Anne Lamott has an elegant, muscle-bound faith. One minute she’s bitchy and morose, and the next she’s unreasonably forgiving and gentle. That’s not to say she’s of two minds. While she’s uncomfortably honest about her own darkness, she’s clearly kicking its ass, one round at a time. These essays find her in a variety of situations, some heartbreaking (friends with terminal illness), some hilarious (figuring out why she keeps hearing her name when alone in the house). She never hides who she is or how she really feels. She doesn’t make up stories. She is a Christian writing without an agenda – defiant, humble, witty, brutally real. She celebrates when God meets her, and cries out when he doesn’t. These are middle-aged, punk psalms. (Is she the Patti Smith of Christian essayists?) For anyone living a life of faith, Small Victories will ring uncannily true. For anyone not interested in a life of faith, it is still full of joy and life and courage. She says, “It helps beyond words to plant bulbs in the dark of winter.” She is an explosion of blossoms after–even during–a storm.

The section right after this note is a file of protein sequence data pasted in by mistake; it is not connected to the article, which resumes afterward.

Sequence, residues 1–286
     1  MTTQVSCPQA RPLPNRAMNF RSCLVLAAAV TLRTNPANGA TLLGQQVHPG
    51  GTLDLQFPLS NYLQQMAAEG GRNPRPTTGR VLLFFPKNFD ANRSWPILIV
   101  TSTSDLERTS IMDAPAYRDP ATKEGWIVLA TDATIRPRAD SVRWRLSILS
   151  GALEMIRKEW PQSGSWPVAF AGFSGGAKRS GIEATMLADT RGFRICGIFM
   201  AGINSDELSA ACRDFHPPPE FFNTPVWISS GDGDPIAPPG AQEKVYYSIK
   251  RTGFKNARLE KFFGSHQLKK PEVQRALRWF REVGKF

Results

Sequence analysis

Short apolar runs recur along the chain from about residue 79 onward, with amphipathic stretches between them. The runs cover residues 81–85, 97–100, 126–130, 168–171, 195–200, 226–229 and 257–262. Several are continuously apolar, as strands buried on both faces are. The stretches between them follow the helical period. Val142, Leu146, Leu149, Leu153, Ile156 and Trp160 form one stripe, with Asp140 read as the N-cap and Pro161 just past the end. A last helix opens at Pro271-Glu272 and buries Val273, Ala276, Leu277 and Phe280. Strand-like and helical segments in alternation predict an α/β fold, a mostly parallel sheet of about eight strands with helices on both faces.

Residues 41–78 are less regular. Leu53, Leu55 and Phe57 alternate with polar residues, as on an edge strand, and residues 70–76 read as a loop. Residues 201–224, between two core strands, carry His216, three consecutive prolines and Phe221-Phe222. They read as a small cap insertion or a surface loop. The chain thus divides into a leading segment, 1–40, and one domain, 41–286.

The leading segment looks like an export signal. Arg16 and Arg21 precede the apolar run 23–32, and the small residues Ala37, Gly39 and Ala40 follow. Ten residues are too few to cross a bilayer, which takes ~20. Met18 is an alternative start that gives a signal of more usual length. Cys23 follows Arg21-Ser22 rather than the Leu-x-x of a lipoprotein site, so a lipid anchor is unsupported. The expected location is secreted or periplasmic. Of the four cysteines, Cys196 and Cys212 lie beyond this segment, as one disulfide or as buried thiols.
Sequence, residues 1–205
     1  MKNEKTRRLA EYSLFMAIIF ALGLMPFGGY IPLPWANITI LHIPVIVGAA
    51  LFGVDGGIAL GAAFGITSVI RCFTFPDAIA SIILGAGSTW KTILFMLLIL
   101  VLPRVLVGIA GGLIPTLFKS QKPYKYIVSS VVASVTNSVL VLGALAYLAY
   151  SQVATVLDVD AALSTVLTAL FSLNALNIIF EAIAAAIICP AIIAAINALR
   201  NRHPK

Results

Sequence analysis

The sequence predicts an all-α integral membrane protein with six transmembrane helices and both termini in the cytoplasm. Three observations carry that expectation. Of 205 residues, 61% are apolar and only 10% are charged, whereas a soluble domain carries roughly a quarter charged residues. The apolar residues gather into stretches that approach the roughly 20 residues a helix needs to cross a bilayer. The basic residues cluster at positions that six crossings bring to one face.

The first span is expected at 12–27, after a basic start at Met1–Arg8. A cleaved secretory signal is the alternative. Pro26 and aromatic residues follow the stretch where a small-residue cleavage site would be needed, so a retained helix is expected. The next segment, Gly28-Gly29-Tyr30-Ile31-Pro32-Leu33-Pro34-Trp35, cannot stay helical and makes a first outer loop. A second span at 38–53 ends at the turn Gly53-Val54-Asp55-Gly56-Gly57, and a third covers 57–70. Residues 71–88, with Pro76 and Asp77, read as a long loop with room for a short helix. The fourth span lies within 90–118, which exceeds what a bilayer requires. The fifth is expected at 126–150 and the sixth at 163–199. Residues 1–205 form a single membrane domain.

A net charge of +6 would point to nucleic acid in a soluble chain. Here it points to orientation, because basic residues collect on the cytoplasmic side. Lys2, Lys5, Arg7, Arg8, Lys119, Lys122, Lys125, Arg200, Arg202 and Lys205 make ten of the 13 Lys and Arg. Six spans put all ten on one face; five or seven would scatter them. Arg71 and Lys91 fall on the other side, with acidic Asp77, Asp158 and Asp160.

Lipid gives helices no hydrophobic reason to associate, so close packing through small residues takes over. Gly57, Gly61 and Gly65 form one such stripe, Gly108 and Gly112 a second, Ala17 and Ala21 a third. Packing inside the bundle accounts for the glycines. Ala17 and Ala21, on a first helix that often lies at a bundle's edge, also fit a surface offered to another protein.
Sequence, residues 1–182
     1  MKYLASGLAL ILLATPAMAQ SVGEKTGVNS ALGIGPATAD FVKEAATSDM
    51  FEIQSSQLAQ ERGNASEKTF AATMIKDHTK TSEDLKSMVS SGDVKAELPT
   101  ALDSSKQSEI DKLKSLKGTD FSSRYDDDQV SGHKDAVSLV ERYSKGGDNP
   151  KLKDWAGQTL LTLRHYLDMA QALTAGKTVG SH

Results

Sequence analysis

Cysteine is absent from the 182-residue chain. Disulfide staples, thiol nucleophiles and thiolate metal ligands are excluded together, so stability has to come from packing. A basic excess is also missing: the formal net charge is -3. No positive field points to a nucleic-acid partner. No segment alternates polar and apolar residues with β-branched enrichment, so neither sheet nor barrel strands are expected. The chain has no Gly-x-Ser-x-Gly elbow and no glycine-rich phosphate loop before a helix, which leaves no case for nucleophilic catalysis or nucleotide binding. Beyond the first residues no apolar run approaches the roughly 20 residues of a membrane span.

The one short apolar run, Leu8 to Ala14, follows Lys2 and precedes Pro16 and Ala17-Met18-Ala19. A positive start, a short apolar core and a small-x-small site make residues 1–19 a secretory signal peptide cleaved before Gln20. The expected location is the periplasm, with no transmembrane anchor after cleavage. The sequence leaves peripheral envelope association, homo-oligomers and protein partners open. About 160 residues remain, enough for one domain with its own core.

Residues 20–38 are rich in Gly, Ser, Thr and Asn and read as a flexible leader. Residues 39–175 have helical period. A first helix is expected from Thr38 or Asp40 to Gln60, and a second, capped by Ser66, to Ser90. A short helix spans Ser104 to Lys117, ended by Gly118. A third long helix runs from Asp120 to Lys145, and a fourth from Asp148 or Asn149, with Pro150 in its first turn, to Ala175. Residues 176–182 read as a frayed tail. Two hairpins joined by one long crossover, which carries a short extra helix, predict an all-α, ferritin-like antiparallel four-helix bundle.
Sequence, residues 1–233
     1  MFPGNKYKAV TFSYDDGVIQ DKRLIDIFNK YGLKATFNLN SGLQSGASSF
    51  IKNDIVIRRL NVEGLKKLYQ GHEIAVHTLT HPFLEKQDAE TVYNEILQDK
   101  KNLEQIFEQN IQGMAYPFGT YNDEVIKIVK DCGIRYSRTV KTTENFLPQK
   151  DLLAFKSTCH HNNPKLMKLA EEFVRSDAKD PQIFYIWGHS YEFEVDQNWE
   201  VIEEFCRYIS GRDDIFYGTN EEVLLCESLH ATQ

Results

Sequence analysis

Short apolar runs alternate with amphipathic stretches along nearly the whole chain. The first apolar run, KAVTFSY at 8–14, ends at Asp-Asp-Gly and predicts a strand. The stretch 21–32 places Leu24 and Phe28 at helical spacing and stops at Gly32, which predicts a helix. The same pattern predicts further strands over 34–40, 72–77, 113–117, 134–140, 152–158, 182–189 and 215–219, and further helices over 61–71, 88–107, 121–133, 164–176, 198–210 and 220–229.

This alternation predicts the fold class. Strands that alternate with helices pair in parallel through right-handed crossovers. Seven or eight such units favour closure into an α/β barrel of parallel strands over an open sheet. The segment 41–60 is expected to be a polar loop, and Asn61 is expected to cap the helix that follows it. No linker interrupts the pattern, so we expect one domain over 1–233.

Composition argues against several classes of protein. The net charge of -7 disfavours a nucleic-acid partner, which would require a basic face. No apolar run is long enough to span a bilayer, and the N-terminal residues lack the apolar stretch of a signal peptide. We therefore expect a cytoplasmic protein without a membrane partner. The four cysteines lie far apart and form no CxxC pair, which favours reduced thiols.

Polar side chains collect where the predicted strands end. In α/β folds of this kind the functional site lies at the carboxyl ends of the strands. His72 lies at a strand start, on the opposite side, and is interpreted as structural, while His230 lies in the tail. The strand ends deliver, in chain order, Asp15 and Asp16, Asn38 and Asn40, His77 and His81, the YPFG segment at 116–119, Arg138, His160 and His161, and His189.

Here’s an unlrelated chat from a few years ago between Anne Lamott and Cheryl Strayed, author of Wild.
I wish she was my neighbor, and I would bump into her on purpose/accident – “oh hey Anne, looks like I got some of your junk mail – I think this is your Pennysaver – hey I like what you did with your car, you washed it right? whoa, that lantana’s looking great” and so forth – just anything. She’s really cool.